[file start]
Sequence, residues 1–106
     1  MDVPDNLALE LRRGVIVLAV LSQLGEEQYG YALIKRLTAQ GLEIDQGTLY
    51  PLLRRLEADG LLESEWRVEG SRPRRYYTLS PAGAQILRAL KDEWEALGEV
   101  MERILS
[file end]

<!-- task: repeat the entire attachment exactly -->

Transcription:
Sequence, residues 1–106
     1  MDVPDNLALE LRRGVIVLAV LSQLGEEQYG YALIKRLTAQ GLEIDQGTLY
    51  PLLRRLEADG LLESEWRVEG SRPRRYYTLS PAGAQILRAL KDEWEALGEV
   101  MERILS